Greensboro College Students in the Teaching English to Speakers of Other Languages Program Will Display and Discuss Their Research Nov. 23
November 14, 2019 8:46 am
GREENSBORO, N.C. – Students in Greensboro College’s master’s-degree program in Teaching English to Speakers of Other Languages will present their research during a symposium beginning at 9:45 a.m. in the lecture hall on the second floor of Cowan Humanities Building on campus.
The event is free, and the public is invited. Free parking is available behind the Admissions Welcome Center at West Market Street and College Place.
The students and their topics are:
Andrey Vargas Ramirez of Clayton, N.C.: “Creating a Personalized Learning Content Website to Newcomers in Fourth Grade for Reading and Writing”
Camesha S. Minto of Raleigh, N.C.: “The Effects of Culture on the Literacy Development of English-Language Learners in the Early Elementary Grades”
Camila S. Carvacho Yerkovich of Monroe, N.C.: “The Heritage Project: A Starting Point for Creating More Culturally Responsive Classrooms”
Carolina Mosquera Lopez of Selma, N.C.: “A Study Guide to Assist New English-Language Students’ Integration with the Second-Grade Curriculum”
Diana Vásquez Moreno of Winston-Salem, N.C.: “Demystifying Non-Standard English: A Workshop to Raise Awareness of World Englishes and Non-Native EFL Teachers”
Elizabeth Logreira of Concord, N.C.: “Using TPRS (Teaching Proficiency through Reading and Storytelling) to Develop Speaking Skills and Fluency in ESL Students in Early Language Production”
Ellie Yearns of Greensboro, N.C.: “Strategies and Techniques for New Adult Language Instructors at Resettlement Agencies”
Karla Villeda of Tarboro, N.C.: “Using Digital Learning Tools to Develop Literacy for English-Language Learners in K-2”
Lady Lorena Ospitia Cifuentes of Asheboro, N.C.: “Metacognitive Activities to Strengthen Reading Comprehension Skills”
Luis Fernando Agudelo Ledezma of Matthews, N.C.: “Teaching Strategies to Promote Intercultural Dialogues in the ESL/EFL Classroom”
Maria Catalina Palacio Cortes of Asheboro, N.C.: “English Phonics for Older Spanish-Speaking Learners”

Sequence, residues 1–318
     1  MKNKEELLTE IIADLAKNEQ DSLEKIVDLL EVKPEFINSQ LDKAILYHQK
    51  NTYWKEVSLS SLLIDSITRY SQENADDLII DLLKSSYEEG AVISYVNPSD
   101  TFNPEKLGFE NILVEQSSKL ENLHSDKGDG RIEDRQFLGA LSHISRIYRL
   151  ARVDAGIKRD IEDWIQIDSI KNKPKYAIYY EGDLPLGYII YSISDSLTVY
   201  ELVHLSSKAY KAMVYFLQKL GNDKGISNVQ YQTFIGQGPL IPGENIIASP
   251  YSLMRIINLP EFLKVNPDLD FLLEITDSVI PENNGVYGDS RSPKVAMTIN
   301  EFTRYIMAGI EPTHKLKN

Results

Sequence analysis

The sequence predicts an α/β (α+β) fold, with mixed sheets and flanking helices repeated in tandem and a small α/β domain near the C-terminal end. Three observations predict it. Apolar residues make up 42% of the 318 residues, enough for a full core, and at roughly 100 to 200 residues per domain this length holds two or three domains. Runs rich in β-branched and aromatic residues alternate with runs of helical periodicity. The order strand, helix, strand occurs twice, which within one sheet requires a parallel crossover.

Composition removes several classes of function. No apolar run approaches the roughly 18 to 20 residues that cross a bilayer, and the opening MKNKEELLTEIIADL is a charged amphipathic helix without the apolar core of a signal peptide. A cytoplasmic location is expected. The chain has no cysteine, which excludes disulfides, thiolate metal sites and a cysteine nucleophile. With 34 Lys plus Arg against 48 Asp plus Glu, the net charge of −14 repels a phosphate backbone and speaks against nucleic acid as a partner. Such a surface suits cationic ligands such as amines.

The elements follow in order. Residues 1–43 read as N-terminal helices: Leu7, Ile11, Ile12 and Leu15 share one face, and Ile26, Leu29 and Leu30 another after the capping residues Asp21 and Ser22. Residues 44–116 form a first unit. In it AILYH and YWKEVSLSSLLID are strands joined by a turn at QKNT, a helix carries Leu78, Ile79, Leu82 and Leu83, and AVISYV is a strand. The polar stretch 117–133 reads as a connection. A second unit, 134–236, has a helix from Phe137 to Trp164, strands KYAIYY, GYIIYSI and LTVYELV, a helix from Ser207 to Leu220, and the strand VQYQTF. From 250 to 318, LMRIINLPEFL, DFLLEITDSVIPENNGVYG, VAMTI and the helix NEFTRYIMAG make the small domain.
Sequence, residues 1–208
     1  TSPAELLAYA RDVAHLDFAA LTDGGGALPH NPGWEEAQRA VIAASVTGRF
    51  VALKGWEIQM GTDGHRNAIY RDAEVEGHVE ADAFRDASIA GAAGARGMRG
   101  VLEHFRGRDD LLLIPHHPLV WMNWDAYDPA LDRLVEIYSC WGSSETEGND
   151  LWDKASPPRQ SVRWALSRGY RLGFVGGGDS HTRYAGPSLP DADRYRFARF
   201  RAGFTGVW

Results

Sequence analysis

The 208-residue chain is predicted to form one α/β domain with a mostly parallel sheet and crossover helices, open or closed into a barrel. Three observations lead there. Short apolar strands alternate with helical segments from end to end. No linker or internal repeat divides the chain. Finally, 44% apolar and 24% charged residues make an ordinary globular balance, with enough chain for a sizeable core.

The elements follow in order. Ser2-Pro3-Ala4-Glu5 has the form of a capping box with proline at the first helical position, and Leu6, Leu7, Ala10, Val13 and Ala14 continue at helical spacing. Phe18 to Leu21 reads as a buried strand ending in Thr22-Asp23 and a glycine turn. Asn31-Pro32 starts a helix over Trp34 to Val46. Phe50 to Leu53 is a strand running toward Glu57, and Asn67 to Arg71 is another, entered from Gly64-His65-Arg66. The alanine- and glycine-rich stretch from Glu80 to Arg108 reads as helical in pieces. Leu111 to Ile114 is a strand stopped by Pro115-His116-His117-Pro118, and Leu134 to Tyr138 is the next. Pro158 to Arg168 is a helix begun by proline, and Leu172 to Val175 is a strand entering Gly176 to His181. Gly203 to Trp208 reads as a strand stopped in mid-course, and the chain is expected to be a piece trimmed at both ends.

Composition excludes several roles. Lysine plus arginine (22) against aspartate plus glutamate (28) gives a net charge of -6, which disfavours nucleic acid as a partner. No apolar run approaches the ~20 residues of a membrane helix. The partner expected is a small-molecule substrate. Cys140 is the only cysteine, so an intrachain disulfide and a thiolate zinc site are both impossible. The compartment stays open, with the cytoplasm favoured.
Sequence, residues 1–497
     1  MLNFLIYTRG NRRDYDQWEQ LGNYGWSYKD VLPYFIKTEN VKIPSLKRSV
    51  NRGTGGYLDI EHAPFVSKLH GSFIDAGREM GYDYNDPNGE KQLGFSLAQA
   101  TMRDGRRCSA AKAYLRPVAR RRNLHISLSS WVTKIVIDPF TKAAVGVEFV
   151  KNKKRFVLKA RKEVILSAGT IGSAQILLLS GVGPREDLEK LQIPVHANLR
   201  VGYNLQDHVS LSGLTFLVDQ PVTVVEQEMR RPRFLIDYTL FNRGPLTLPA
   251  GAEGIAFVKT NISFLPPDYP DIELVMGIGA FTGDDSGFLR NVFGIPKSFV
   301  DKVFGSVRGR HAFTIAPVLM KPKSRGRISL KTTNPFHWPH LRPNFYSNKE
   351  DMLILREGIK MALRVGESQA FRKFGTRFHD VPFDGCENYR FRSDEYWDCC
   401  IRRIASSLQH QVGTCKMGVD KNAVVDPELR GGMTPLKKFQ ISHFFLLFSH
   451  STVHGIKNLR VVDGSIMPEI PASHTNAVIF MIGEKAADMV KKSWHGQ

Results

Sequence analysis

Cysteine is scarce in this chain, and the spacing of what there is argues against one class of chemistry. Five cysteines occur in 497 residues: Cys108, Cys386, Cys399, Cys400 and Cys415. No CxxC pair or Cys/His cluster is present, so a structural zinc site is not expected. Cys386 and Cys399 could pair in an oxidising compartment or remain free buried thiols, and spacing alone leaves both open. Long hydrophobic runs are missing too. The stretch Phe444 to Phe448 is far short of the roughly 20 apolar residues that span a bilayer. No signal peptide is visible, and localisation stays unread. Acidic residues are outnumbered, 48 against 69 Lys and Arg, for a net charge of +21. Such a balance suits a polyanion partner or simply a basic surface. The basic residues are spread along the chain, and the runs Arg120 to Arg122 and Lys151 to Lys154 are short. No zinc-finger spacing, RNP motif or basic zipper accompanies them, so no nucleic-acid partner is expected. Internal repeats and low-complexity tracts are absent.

María Fernanda Ávila Molina of Selma, N.C.: “Developing Listening and Speaking Skills of Adult Learners: An Instructional Packet for ESL Teachers”
Noel Castillo, “Implementing Ludo-Pedagogy and Project-Based Learning to Enhance Oral Proficiency in Chinese Students”
Noreen L. Duffy of Spokane, Wash.: “Working with Deaf and Hard of Hearing English Language Learners”
Oscar Daniel Vega Alvarez of Roanoke Rapids, N.C.: “Providing Assistance to Mainstream Classroom Teachers Throughout the Content-Based Method”
Yulieth Narváez Ramirez of Selma, N.C.: “Strategies for Supporting ELL (English Language Learner) Newcomer Students’ Acculturation Process in Middle School”
Yurany Delgado Giraldo of Tarboro, N.C.: “ELL (English Language Learning) Teaching Strategies for the Immigrant Visually Impaired Students”
Carmen Sacasa of San Jose Pavas, Costa Rica: “Connecting Brain Research and Metacognition for Developing English Language Skills in Young Language Learners”
Carolina Betancourt Ruiz of Clayton, N.C.: “Games as ESL (English as a Second Language) Strategies to Lower the Affective Filter and Increase Student Engagement, Input, and Output”
Cesar Salazar Cortes of Farmville, Va.: “Brain-Based Learning Strategies to Work with ELL (English Language Learners)”
Judith Marcela Becerra Ávila of Wilson, N.C.: “Metacognitive Strategies for ESL Adult Learners”
Maria Isabel Marquez of Greenville, N.C.: “Integration Thinking Routines as a Tool to Promote Higher Order Thinking During the Development of ESL Speaking Skills”
Mónica Lucila Naranjo Toro of Matthews, N.C.: “ESP Resources and Modules for a Non-Native English-Speaking Community”
Viviana Lenis Galeano of Clayton, N.C.: “Promoting Story in the ESL Classroom”
For more information about Greensboro College’s M.A. program in Teaching English to Speakers of Other Languages, contact program director Michelle Plaisance at 336-272-7102, ext. 5285, or email@example.com.
Greensboro College provides a liberal arts education grounded in the traditions of the United Methodist Church and fosters the intellectual, social, and, spiritual development of all students while supporting their individual needs.
Founded in 1838 and located in downtown Greensboro, the college enrolls about 1,000 students from 29 states and territories, the District of Columbia, and seven foreign countries in its undergraduate liberal-arts program and six master’s degree programs. In addition to rigorous academics and a well-supported Honors program, the school features a 17-sport NCAA Division III athletic program and dozens of service and recreational opportunities. Learn more at greensboro.edu.
Think critically. Act justly. Live faithfully.
Lex Alexander, Director of Communications
815 W. Market St.
Greensboro, NC 27401
336-272-7102, ext. 5398
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